Thanks for link I read through the article, seems like redguard is recommended by code and is a class 1 vapor barrier. A classic article https://www.buildingscience.com/documents/insights/bsi082-walking-the-plank talks about the benefit of an adhered vapor barrier over poly. Epoxy is a recommended coating as well. Here is where I get confused, they mention you should never use any of this stuff if there is hydrostatic pressure. How do you know how much hydrostatic pressure you have, don’t you have to have like flowing water or seepage to have hydrostatic pressure. Also I don’t see how if for instance redguard or epoxy debonded it would make your problem worse. Is it better to leave bare concrete sometimes? For example if you put carpet pad, area rugs, or lvp over a sealed floor with epoxy or redguard and it debonded, does your problem become worse? I keep hearing that sealing your floor sometimes creates mold but how is that worse over bare concrete? Does this go back to the whole should concrete breathe debate? This is all assuming you are applying a top barrier in an older floor, where nothing exists underneath.

    1. Expert Member
      NICK KEENAN | | #12

      If you have liquid water entering your basement and you block it on the inside without providing a path for it to drain away then more water will accumulate and eventually find a place to go. That can make the problem worse. If enough water accumulates it can structurally undermine the foundation.

      The problem with liquid water intrusion is that it's often intermittent, it only happens under certain conditions. So it's hard to look at a basement and say it's never going to have a liquid water problem.

      But that's a completely different problem from vapor intrusion.

  7. Jon_R | | #10

    What is the reason for wanting a low perm barrier? It makes a difference as to how low you need.

    1. Expert Member
      NICK KEENAN | | #11

      To prevent vapor from wicking through the concrete and entering the living space.

      1. Jon_R | | #16

        > vapor... entering the living space

        Run the numbers for your case, but you should find that anything < 1 perm results in an insignificant amount of moisture (eg, 1 pint/day).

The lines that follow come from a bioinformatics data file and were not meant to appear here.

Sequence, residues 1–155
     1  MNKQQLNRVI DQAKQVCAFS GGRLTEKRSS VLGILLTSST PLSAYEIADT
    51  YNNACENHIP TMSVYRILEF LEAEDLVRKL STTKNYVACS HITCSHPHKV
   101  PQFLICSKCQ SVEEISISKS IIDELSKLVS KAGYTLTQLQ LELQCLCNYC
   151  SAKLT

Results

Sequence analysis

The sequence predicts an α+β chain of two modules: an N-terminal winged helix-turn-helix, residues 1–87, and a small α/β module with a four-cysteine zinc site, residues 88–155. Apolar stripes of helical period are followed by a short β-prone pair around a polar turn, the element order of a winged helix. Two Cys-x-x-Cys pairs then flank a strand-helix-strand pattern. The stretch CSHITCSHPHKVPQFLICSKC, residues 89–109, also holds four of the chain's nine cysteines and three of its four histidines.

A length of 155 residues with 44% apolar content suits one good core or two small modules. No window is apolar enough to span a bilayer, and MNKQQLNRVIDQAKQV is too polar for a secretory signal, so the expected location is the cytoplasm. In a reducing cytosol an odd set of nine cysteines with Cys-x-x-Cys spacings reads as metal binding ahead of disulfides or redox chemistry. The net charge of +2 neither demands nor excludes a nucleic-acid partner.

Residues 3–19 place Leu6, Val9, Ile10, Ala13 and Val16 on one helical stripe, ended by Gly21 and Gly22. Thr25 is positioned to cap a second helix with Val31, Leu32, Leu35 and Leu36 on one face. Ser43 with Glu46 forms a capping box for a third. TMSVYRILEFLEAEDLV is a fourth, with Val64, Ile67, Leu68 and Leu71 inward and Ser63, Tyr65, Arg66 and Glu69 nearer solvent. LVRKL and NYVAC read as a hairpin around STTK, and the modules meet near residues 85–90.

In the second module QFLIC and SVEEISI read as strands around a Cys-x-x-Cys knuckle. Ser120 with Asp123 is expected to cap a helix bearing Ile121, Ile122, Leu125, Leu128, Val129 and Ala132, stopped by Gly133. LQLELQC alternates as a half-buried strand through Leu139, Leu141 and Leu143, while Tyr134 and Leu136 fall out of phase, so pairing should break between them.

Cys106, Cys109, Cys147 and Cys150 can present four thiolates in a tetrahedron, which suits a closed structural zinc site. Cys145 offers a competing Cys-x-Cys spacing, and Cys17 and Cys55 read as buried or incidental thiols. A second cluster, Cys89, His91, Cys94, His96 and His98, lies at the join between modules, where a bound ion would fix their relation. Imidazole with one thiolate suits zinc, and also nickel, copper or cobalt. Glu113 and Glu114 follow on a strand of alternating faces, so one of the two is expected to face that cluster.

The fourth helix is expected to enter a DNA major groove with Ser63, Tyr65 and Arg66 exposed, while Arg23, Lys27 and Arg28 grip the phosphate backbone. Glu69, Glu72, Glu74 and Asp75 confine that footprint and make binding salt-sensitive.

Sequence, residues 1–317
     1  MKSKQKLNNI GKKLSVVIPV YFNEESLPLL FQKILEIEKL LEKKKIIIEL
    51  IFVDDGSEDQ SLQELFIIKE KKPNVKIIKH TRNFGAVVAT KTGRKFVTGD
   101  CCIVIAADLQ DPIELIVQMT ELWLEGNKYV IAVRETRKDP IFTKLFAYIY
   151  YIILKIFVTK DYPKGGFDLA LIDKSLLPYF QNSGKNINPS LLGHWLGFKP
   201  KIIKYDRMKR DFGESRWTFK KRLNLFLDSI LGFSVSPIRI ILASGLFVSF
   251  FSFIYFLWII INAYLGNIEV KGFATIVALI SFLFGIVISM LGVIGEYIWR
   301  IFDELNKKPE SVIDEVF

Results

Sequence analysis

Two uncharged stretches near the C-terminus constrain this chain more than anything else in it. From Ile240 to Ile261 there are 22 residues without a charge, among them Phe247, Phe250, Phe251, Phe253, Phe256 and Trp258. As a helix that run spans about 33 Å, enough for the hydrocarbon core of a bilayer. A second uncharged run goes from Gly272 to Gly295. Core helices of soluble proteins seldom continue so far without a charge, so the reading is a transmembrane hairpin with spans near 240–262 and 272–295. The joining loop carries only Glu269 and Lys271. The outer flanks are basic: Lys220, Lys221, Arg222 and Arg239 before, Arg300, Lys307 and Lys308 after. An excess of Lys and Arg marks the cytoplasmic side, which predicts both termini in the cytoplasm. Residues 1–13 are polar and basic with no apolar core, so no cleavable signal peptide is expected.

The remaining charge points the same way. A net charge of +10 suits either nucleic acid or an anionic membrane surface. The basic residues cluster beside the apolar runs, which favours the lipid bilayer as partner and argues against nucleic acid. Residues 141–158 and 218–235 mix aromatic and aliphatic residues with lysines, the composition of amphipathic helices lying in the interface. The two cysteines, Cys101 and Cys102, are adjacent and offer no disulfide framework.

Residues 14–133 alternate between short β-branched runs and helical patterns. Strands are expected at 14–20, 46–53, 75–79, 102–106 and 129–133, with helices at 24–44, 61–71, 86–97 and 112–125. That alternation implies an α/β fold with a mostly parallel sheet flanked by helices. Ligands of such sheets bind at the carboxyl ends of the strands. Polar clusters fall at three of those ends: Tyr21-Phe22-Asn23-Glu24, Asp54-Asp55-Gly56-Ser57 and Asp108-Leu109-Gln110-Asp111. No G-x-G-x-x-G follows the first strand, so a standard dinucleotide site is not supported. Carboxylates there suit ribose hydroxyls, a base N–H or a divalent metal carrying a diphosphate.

The concrete alone should be about 3 perms, which isn't much moisture. Quite possibly less than the upstairs walls and ceiling.

        1. Expert Member
          NICK KEENAN | | #17

          The problem is finding products meant for concrete that have a published perm rating.

    2. thegiz | | #13

      Im going to use lvt or tile in a bathroom area and when you first walk in from back door. I think redguard makes sense there. The rest I was going to put lvp or use foam board with plywood. The area is very unleveled, so in meantime I was going to seal and use waterproof carpet pad with rug so kids can use until I fix the floor. When I asked manufacturer of carpet pad they said not to seal floor it would trap moisture and cause mold because it is difficult to adhere surface. Does that actually happen when stuff debonds or does vapor just escape. If it just debonds I rather seal it and worry about fixing it if it debonds. I’m just confused on how it could make a situation worse. I would think it’s worse just to put nothing. I also don’t know if I have hydrostatic pressure

      1. Expert Member
        NICK KEENAN | | #14

        Did you see my response #12 above?

        Hydrostatic pressure is a liquid water phenomenon. If you don't have liquid water dripping or oozing into your basement, you don't have hydrostatic pressure.

  8. thegiz | | #15

    I actually didn’t see comment 12 until after I replied. I guess I could use redguard as a liquid applied vapor barrier under tile, lvt, or padding since I’m not directly walking on it. I could use epoxy but I know redguard has a perm rating. I will still need to contend with condensation. I will use a dehumidifier but if area rug gets destroyed I will just toss it. There’s an article on here by Peter Yost where he has the whole basement in area rug but I don’t think he has a liquid applied barrier I just think he keeps it clean and uses a dehumidifier